HISTORY UNDERWATER DEMOLITION TEAM TEN
[Editor’s note: this article is a continuation of the series provided by Mack Boynton, who preserved an old history of UDTs of which there is one typewritten copy extant. There is more to come. Just a reminder to the reader that the grammar and misspellings are largely left as they appear without question or comment. For those who may not be familiar with it, the term (sic) is an editorial way of saying the preceding spelling, etc. is the error of the author not the editor.
This chapter had many spelling errors so the editor took the liberty of correcting them without noting each instance with sic.
In March 1944, Class 6A was in training at Fort Pierce Florida. When the program was through, this unit was divided into teams EIGHT, NINE and TEN. With Lieutenant Commander MCADAMS as Commanding Officer and Lieutenant H. F. BROOKS as Executive Officer, newly commissioned Team TEN left for San Francisco on 2 June. Boarding the U.S.S. MONTEREY, the outfit reached Maui H.T. on the 19th of the month.
There it was joined by twenty-
With the Maui stage of the training complete, the team embarked upon the U.S.S. RATHBURNE, an APD, on 18 August, and arrived at Guadalcanal Island off Cape Esperance where it took part in rehearsal maneuvers for the coming operations against the Caroline Islands. Under Rear Admiral KINGMAN, teams EIGHT and TEN formed the Demolition Unit assigned to make a reconnaissance of Anguar on 14 September.
Undercover of a bombardment from the fire-
On 15 September a similar operation conducted on Red Beach revealed no signs of underwater obstacles. The next day, however, while further current observations were being made of both of these beaches, activity was noted on them. Further investigation showed that barbed wire and jetted rails had been erected.
The following morning two platoons, equipped for demolition work, reported to the Beachmaster of Blue Beach. At first the men were delegated to guide in the assault waves, but about 1000 a mine was located, so the platoons were sent to search for more mines. In all eight mines were found moored about 300 yards from shore from five to ten feet under the surface. Four of them were buoyed, but as the team had no equipment for cutting them loose, no attempt was made to destroy them. In the afternoon, coral heads and limestone ledges were demolished and a channel cleared for landing craft on the southern extremity of Blue Beach.
On 19 September, orders were received to join the Ulithi Fire-
Leaving Ulithi on 25 September, the RATHBURNE transported the team to the Admiralties for rest. Some two weeks later, as part of the Beach Demolition Group under Rear Admiral OLDENDORE, THE RATHBURNE departed for Leyte Gulf, reaching its destination on 18 October. Because of a delay in minesweeping operations, caused by a typhoon, the team was a day late in reaching San Pedro Bay, its assigned beach area. When the reconnaissance was conducted however, swimmers were dropped about 400 yards off shore. Throughout the operation both swimmers and PRs, especially on the southern portion of the beach drew heavy fire from shore, consisting principally of mortar and machine guns. Complete observation, which showed the beach to be clear of all obstacles, was nevertheless, accomplished. The next day, Team TEN was allowed to go ashore where it witnessed General Mac ARTHUR come ashore to view his troops as they plunged inland.
Leaving the following morning for the Admiralties, the ship stayed there just long enough to refuel before pushing on to Florida Island, Guadalcanal where the team remained a week previous to sailing to Noumea, New Caledonia, on 8 November. Here the team enjoyed a pleasant two weeks rest. The Officer in Charge of the Receiving Station where the team was billeted was very helpful in organizing swimming and recreational parties with beer and food for all.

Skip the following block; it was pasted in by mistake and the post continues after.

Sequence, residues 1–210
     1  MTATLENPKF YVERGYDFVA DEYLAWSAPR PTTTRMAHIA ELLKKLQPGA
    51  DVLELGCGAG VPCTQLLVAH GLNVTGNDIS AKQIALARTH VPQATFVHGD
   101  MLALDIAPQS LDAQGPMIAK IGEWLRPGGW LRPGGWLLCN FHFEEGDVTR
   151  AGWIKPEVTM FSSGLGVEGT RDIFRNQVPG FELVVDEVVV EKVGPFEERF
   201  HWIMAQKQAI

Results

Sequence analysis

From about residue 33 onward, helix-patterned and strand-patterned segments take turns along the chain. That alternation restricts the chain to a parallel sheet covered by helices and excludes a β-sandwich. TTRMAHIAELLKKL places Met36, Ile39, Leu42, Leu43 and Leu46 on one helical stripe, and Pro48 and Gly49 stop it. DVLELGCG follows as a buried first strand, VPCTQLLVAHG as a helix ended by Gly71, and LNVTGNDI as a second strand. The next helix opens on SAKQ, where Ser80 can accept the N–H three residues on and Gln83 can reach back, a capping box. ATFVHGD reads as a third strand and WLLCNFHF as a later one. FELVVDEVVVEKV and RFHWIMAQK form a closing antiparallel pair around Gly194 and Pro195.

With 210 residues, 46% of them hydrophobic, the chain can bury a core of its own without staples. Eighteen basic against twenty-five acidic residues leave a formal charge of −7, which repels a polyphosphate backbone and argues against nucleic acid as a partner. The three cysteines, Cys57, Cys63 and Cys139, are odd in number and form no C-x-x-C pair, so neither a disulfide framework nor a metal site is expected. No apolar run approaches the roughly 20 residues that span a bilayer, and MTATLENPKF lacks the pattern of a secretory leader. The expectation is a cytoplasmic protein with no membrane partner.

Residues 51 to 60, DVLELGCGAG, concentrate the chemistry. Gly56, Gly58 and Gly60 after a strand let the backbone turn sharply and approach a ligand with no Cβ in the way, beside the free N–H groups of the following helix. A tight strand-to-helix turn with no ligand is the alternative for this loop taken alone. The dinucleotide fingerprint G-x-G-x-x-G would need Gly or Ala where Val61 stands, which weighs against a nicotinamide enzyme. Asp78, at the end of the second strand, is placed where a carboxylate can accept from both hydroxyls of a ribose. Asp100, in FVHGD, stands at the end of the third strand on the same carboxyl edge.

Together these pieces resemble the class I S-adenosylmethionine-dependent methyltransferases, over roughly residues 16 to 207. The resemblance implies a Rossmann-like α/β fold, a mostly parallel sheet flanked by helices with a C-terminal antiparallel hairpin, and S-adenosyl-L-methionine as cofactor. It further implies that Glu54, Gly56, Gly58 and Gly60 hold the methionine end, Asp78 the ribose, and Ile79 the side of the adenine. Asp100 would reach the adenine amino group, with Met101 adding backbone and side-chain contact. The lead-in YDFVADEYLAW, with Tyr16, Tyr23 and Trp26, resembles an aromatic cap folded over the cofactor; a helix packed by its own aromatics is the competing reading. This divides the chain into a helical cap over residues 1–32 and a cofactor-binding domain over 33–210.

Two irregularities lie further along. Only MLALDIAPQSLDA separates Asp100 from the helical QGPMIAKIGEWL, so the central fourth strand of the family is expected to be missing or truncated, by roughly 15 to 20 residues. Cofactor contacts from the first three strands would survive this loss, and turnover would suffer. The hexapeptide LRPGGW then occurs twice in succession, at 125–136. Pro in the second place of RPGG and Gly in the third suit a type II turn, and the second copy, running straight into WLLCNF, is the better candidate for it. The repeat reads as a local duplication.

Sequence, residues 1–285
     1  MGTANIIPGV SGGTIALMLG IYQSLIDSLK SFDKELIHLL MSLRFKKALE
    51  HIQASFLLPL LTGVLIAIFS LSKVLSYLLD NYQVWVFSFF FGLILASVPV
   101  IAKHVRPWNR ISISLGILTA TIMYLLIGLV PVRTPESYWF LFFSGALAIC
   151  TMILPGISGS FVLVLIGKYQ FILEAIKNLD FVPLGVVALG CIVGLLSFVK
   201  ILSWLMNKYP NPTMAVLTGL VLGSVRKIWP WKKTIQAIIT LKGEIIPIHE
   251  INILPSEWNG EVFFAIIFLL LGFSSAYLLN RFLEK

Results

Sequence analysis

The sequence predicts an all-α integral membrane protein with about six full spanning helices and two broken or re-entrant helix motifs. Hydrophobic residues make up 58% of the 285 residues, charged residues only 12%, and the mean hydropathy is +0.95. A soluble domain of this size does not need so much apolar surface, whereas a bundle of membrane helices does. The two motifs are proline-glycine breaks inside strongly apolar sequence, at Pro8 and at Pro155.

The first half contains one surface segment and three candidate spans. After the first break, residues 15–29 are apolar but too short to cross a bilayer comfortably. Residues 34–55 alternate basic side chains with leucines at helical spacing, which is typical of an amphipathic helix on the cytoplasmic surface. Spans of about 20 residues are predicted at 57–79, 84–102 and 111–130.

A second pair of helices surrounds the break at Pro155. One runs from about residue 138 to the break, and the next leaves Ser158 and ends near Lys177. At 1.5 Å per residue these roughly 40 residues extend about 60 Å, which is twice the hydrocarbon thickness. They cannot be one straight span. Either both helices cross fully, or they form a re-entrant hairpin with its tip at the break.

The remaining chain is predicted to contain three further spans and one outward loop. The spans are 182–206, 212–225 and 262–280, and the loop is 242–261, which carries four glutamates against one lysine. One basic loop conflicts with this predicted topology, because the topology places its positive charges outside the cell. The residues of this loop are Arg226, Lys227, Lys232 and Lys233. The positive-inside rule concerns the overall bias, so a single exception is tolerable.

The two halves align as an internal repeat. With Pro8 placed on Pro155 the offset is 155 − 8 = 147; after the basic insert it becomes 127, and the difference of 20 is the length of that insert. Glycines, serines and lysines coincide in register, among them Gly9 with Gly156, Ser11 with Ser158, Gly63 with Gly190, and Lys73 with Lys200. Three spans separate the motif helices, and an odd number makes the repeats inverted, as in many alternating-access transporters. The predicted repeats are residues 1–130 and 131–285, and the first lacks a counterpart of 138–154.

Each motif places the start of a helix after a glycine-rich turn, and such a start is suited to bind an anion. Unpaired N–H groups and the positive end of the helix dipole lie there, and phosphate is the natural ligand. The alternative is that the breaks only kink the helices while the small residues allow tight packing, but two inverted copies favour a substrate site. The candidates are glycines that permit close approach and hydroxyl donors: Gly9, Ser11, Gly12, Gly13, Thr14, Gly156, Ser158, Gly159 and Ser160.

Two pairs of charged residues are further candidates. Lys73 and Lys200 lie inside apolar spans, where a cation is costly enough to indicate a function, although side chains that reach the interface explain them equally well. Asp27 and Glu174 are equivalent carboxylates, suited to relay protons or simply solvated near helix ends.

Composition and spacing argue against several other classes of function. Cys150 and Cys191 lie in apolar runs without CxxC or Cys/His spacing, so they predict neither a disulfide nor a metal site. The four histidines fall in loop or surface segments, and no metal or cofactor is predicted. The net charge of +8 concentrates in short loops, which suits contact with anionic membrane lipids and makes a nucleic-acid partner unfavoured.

Next came a one-
30 December found the RATHBURNE, with the team once more aboard, off Kossol Passage. On 3 January 1945, Leyte Island was reached. Once again, under Rear Admiral OLENDORF’s Fire-
Two days later, the Rathburne left for Leyte Gulf, at which place the team rested before departing for Subic Bay just north of Manila on 25 January Here the operation plan called for a night reconnaissance of surf conditions on Red Beach. Arriving at the destination approximately four miles seaward of the beach at 0245, navigation was checked and a true compass course to the beach determined.
The radar screen indicated a large object offshore about one half mile south of the beach. At the time it was suspected that this was an enemy barge or patrol boat, but it later turned out to be a beached freighter. At 0300 four officers and eight men left the APD to conduct the reconnaissance. The sea was calm with an offshore breeze of about three knots, and a full moon made for good visibility. The operation was carried out without incident.
The following day upon reporting to the Beachmaster, the team was assigned to survey the beach front for suitable landing places for LSTs. This proved to be a difficult task (as a sandbar ran along most of the beach at a distance of 100 yards "with a water depth varying from six to twelve feet. Some changes were found on part of Reel Beach, however, and one excellent beaching area was discovered in Capone Cove about three miles south of the beach.
Departing from Subic Bay, proceeding via Leyte Gulf and Ulithi, the RATHBURNE disembarked the team on Guam in the last week of February. Here with Team EIGHT, it erected a small Demolition Base. On 5 May Team TEN left for the Maui Base, at which it arrived on the 16th. Soon orders were received to proceed with Teams NINE, FOURTEEN and FIFTEEN to the United States. Upon arrival here, all team personnel were granted delay en-